The chancellor’s joint Spending Review and Autumn Statement, published earlier this week, said that the government is "making further progress" on devolving powers to Greater Manchester, including giving the Greater Manchester mayor "the power to introduce a Community Infrastructure Levy (CIL)".
A document published by the Treasury alongside the Spending Review said that, subject to the necessary legislation receiving Royal Assent, the government intends to give the Greater Manchester mayor "the power to implement a CIL to support development and regeneration in Greater Manchester, subject to the unanimous approval of the mayor’s cabinet".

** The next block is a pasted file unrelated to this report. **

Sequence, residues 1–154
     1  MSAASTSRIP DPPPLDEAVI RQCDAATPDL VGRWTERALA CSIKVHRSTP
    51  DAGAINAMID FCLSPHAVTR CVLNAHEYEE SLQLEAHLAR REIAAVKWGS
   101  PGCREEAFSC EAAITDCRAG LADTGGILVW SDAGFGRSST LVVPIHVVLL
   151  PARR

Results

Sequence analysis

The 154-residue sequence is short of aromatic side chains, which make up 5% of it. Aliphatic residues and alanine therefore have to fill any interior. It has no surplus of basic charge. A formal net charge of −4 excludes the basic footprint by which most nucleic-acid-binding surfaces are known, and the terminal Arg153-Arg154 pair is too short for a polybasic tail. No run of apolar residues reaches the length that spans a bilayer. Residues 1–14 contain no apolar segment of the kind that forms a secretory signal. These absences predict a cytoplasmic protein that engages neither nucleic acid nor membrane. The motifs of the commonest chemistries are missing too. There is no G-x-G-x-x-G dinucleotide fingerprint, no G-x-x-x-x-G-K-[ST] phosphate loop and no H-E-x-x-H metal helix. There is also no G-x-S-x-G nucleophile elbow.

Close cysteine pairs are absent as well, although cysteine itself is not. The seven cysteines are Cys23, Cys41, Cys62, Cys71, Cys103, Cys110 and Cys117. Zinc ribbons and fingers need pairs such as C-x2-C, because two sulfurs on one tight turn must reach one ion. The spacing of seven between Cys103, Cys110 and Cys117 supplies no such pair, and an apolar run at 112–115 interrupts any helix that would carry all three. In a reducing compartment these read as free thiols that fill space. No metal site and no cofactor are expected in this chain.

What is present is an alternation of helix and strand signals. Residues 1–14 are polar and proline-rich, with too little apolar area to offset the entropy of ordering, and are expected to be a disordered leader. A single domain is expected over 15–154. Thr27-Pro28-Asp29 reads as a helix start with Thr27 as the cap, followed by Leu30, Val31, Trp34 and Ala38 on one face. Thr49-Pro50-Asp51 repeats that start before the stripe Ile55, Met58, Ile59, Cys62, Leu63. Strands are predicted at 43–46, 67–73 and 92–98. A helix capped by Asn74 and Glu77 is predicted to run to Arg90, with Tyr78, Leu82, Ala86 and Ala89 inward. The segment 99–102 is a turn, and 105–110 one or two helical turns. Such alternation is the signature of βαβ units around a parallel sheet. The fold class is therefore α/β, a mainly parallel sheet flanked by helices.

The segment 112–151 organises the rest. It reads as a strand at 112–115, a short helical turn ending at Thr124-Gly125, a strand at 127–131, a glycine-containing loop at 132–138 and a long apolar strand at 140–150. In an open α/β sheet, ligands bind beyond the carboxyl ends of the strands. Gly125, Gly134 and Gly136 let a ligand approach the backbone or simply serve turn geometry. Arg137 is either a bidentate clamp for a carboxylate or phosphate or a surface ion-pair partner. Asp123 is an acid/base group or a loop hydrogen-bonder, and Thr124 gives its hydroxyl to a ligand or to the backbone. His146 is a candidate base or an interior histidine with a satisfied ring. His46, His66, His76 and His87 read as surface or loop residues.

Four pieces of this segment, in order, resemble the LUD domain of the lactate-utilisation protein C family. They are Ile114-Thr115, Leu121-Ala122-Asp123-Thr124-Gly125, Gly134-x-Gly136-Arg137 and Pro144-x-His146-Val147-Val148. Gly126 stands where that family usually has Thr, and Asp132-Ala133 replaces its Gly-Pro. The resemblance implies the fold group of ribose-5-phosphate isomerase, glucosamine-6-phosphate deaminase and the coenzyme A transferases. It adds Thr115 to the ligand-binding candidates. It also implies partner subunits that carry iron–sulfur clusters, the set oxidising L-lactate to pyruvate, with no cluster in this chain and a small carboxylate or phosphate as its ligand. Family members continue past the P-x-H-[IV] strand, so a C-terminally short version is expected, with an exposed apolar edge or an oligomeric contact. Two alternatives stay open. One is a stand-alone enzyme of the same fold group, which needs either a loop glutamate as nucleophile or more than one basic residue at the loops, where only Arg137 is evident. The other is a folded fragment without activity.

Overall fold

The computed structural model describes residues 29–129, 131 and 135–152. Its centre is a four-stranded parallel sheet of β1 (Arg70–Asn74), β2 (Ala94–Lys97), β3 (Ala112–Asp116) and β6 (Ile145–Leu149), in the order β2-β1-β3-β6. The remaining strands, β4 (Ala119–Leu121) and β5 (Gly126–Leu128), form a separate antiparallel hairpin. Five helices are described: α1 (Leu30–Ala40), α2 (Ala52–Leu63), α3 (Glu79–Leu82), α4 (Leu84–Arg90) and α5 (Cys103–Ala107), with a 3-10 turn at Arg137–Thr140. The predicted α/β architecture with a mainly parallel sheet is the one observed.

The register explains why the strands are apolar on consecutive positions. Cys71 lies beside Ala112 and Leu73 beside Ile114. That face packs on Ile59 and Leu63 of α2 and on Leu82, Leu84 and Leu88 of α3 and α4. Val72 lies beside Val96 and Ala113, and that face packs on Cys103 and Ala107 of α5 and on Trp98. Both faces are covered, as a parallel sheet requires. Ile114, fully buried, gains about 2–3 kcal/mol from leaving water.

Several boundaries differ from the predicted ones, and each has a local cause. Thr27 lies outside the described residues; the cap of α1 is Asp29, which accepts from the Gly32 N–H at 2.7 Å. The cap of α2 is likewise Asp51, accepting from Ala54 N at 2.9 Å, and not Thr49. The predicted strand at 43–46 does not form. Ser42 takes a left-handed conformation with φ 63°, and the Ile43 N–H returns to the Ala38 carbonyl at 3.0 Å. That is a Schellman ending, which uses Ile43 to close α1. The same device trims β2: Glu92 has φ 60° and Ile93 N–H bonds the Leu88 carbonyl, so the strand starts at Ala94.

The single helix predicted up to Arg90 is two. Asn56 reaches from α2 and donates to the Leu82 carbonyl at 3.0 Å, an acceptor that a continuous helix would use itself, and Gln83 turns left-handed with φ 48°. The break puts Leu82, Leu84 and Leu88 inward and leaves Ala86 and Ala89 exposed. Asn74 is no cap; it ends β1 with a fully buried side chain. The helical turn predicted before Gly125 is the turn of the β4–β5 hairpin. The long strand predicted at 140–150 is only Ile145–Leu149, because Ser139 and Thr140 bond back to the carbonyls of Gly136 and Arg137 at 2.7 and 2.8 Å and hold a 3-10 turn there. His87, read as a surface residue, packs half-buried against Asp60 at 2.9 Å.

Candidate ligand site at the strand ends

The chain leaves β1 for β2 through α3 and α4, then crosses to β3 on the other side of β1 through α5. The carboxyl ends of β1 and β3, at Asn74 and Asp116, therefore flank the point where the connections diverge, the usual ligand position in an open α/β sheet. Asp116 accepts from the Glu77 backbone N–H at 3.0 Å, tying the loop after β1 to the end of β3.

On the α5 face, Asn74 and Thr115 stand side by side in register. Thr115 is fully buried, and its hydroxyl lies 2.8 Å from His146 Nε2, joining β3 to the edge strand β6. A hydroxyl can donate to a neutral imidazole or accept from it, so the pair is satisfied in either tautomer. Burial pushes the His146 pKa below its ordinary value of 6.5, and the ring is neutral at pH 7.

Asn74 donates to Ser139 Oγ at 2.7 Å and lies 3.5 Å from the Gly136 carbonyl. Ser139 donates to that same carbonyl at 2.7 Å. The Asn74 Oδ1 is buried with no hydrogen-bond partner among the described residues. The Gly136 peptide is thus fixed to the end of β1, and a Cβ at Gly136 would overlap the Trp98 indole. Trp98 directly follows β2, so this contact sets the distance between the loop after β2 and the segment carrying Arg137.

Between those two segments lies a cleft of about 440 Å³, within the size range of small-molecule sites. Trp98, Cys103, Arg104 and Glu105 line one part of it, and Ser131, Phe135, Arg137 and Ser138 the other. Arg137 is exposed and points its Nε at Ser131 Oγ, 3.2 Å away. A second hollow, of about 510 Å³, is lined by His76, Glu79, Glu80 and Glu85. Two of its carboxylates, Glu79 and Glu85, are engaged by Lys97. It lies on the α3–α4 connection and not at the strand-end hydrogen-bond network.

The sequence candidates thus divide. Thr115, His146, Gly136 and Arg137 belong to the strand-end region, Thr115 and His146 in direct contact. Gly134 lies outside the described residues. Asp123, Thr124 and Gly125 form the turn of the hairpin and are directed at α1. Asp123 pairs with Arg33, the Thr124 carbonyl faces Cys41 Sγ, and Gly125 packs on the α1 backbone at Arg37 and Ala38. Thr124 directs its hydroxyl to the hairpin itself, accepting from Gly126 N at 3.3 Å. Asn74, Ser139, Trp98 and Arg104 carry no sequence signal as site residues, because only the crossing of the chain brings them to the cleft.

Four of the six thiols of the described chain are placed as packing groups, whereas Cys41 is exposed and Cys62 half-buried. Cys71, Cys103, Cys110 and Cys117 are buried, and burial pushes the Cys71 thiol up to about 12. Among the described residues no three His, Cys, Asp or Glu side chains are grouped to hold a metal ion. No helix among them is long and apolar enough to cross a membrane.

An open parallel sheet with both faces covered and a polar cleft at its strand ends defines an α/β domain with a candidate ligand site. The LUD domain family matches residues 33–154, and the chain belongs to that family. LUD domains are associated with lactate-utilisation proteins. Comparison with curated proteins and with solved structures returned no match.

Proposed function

The document adds that the Greater Manchester Combined Authority will commission and publish "independent biennial reviews of the impact of the use of this levy on development activity in Greater Manchester".
The document is not clear on the relationship between the mayor’s levy and Greater Manchester authorities’ own charges. In London, a mayoral CIL to raise funds for Crossrail is charged separately to boroughs’ own CIL charges.
A spokesman for the Greater Manchester Combined Authority said that options will be worked up for the levy, which subject to the agreement of the mayor and the GMCA, will be consulted on in due course.
Data collected for Planning’s CIL Watch bulletin shows that five of Greater Manchester’s 10 authorities - including Manchester City Council - have yet to publish CIL plans for consultation. Trafford Council is the only authority in the city-region to have adopted a charging schedule.